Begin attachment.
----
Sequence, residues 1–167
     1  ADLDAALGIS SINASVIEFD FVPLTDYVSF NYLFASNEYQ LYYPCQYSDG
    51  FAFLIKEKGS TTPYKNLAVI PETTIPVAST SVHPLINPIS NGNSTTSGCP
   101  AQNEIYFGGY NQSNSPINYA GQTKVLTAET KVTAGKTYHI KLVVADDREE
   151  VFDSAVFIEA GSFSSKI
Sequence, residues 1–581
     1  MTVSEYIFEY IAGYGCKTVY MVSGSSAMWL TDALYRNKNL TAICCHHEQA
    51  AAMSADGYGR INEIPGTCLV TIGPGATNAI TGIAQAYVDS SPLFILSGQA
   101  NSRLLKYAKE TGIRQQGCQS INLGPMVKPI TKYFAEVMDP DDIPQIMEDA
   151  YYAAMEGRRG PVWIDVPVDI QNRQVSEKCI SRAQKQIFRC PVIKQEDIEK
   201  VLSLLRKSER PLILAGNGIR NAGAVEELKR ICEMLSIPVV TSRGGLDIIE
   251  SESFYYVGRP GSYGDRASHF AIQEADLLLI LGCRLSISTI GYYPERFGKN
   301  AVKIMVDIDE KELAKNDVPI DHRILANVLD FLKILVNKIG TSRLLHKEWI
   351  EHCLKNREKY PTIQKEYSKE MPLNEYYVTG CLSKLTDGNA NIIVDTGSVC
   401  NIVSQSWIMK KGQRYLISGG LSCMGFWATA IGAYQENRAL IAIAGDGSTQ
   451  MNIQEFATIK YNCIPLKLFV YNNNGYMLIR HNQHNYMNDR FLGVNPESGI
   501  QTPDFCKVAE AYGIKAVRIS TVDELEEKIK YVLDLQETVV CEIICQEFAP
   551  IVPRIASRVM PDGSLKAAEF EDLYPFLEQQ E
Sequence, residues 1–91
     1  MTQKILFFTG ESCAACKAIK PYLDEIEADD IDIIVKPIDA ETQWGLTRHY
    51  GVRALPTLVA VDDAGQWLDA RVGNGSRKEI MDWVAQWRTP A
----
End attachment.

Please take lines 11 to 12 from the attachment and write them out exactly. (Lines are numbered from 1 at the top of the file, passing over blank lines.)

   201  VLSLLRKSER PLILAGNGIR NAGAVEELKR ICEMLSIPVV TSRGGLDIIE
   251  SESFYYVGRP GSYGDRASHF AIQEADLLLI LGCRLSISTI GYYPERFGKN